2.5 Comparing Expectations to Data
Now that you have data in hand (the check at the restaurant), the next step is to compare your expectations to the data. There are two possible outcomes: either your expectations of the cost match the amount on the check, or they do not. If your expectations and the data match, terrific, you can move onto the next activity. If, on the other hand, your expectations were a cost of 30 dollars, but the check was 40 dollars, your expectations and the data do not match. There are two possible explanations for the discordance: first, your expectations were wrong and need to be revised, or second, the check was wrong and contains an error. You review the check and find that you were charged for two desserts instead of the one that you had, and conclude that there is an error in the data, so ask for the check to be corrected.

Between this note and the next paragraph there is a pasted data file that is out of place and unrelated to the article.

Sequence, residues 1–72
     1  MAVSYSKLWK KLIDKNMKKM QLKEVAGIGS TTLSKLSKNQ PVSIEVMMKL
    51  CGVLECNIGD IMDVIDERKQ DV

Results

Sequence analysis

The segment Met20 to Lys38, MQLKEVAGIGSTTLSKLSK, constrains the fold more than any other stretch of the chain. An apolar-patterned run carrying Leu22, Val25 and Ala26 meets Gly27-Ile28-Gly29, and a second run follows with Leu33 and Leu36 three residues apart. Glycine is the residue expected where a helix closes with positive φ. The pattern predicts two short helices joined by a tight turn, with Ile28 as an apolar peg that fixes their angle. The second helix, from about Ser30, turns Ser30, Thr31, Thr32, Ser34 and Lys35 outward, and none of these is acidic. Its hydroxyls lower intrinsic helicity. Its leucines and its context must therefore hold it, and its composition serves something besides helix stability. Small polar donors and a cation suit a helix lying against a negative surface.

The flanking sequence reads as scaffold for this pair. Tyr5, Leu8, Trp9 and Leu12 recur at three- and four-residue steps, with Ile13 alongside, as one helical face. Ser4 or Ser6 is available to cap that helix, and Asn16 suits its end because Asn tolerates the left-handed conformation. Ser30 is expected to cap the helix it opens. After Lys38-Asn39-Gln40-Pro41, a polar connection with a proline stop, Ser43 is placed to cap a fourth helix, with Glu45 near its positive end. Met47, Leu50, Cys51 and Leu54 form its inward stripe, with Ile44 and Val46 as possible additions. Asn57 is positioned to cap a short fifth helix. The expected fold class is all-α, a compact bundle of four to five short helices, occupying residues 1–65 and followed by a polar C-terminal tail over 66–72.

One key indicator of how well your data analysis is going is how easy or difficult it is to match the data you collected to your original expectations. You want to setup your expectations and your data so that matching the two up is easy. In the restaurant example, your expectation was $30 and the data said the meal cost $40, so it’s easy to see that (a) your expectation was off by $10 and that (b) the meal was more expensive than you thought. When you come back to this place, you might bring an extra $10. If our original expectation was that the meal would be between $0 and $1,000, then it’s true that our data fall into that range, but it’s not clear how much more we’ve learned. For example, would you change your behavior the next time you came back? The expectation of a $30 meal is sometimes referred to as a sharp hypothesis because it states something very specific that can be verified with the data.